Hurricane Season: The Eye of the Storm

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Each year, many hurricanes (or cyclones) occur on our planet, especially between June 1st and November 30th. Some of them make landfall on coastal regions, sometimes leaving behind both victims and damaged areas. Here are some activities to do in class, to understand this weather phenomenon and its consequences.

Main activities' targets

? The Context

All tropical cyclones, including hurricanes, develop in the same way. The ocean needs to be at least 26.5 degrees Celsius for a hurricane to form. When wind blows across the warm ocean water, the warm, moist air rapidly rises. As it rises, the moist air cools and the water in it condenses into large storm clouds. The cooling water also releases a lot of heat. This heat transfer creates enough energy to cause strong winds.

These winds push even more warm air up from the ocean surface. More clouds and more wind make the storm more intense. Rapidly moving air creates an area of low pressure at the centre of the hurricane. This is called the “eye of the storm.” It’s usually very calm. However, the area around the eye has the most violent winds. »

Source:  Let’s talk science

Early in September of 2021, the storm named Ida hit Louisiana, 10 years, almost to the day, after the state was hit by Katrina. Ida then followed the east coast heading north and hit the city of New York, partly flooding it with torrential rains.

At the end of September 2022, Ian wreaked havoc on the west coast of Florida, a few days only after Fiona hit the Maritime Provinces in Canada, causing significant damages.

Experts at NOAA, the National Oceanographic and Atmospheric Administration, explain that climate change is a factor in hurricane intensification because warmer ocean water fuels stronger storms.  « Warming sea-surface temperatures are playing a role, since they provide fuel for hurricanes, which also rely on a moist and unstable atmosphere — all of which are becoming more conducive for strengthening hurricanes in our changing climate, » Knabb said. « Hurricanes appear to be peaking in strength a bit higher than they used to, and they seem to be intensifying at a rapid rate a bit more frequently. We do not appear to be seeing more tropical storms and hurricanes overall, but the proportion of storms that become majors and that peak a bit stronger appears to be what is increasing. »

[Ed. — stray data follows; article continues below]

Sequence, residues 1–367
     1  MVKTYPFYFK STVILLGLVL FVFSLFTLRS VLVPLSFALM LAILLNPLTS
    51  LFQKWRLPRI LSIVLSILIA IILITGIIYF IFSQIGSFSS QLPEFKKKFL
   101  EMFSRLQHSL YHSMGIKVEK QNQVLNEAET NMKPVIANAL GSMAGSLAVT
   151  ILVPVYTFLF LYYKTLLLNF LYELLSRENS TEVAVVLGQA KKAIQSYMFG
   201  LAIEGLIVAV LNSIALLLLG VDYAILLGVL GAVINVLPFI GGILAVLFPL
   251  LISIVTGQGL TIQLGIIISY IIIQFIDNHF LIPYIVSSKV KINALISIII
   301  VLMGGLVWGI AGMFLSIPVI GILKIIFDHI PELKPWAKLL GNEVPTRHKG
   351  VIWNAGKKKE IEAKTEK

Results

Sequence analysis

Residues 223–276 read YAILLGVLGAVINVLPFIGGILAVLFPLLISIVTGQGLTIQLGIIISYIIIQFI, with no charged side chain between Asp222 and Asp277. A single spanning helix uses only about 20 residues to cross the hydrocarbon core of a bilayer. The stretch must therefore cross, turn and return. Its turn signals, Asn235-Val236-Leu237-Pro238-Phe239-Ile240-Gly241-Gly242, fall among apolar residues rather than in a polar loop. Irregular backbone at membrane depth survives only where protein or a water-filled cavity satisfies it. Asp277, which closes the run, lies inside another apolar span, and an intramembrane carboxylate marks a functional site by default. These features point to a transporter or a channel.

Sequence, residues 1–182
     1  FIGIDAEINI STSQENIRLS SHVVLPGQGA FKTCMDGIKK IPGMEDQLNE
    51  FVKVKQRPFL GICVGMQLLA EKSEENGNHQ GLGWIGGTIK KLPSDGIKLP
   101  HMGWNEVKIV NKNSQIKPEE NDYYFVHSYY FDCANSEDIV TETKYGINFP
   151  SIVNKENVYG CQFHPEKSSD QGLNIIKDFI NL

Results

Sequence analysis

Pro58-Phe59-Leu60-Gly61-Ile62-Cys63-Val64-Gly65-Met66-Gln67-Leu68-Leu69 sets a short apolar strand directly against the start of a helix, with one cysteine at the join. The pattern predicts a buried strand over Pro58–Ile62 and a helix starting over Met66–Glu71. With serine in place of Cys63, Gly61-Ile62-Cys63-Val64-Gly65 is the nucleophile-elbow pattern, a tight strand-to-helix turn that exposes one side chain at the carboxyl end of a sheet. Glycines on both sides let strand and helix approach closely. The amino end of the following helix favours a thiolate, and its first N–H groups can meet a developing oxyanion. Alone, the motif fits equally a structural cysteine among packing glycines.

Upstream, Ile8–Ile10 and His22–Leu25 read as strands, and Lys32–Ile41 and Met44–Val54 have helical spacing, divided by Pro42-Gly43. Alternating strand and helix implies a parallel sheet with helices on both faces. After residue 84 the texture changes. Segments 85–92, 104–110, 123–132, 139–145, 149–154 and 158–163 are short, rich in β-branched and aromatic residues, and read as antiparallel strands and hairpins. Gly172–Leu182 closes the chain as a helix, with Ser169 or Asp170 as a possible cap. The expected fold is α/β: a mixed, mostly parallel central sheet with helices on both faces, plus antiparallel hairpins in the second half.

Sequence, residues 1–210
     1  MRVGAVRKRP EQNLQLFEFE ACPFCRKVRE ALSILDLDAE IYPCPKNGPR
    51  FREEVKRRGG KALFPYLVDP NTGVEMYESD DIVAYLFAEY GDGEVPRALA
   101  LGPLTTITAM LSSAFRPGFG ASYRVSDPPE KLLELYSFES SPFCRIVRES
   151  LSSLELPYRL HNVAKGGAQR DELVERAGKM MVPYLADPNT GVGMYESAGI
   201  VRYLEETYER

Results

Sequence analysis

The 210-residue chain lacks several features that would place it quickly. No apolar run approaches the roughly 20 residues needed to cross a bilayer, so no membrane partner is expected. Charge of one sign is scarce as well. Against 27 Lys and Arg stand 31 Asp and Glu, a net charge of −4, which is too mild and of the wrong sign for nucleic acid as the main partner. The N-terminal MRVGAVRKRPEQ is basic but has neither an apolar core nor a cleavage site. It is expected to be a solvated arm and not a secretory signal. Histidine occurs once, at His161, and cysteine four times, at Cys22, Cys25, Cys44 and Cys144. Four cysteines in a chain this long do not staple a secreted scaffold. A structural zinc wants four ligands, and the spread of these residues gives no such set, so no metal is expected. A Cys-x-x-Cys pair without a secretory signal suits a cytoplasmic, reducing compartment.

Source: CBC News

In August of 2019, Dorian hit the Caribbean and affected more specifically the Bahamas:

“Dorian is also the most powerful storm to ever hit the Bahamas directly […] All that power has had dramatic consequences in the Bahamas. At least five people have died there, reportedly including an 8-year-old boy. The Red Cross said that as many as 13,000 homes might have been destroyed. Once search-and-rescue teams can venture out and anecdotal reports can be confirmed, the official death toll and damage report are likely to rise.”

Source: The Atlantic

In August of 2020, the hurricane named Laura was responsible for at least 14 deaths in the south of the United States, but fewer damages than predicted, based on its strength. Shortly before, Laura was in the Caribbean Sea and caused massive damages in Haiti and Dominican Republic. At least 35 people died in those two countries.

The images of such natural disasters, broadcast on various media, are always spectacular. But more often than not, viewers move on quickly to something else when it is over. However, for the victims, the consequences of this type of event last for months and years.

Before we start, here is the map of hurricane tracks that might impact Canada in the next few days. It might show a few active hurricane over the fall season.

At the end of this activity, students will be able to better understand how hurricanes are created, but also reflect upon the challenges faced by the populations that face such catastrophes. 


Use this quiz (Quizizz), or that one, to test your students’ knowledge on hurricanes. They can also search the web to find the answers to the questions.

Activities by: Maxime Laflamme and Audrey Miller, in collaboration with Valerie Harnois and Karine Turcotte.


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